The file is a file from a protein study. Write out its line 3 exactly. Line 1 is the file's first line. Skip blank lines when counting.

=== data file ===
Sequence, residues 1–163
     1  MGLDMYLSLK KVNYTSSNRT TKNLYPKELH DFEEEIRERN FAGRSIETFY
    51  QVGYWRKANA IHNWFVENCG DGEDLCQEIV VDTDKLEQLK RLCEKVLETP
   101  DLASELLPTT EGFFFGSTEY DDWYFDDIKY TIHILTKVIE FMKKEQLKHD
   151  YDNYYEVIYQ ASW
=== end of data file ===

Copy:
    51  QVGYWRKANA IHNWFVENCG DGEDLCQEIV VDTDKLEQLK RLCEKVLETP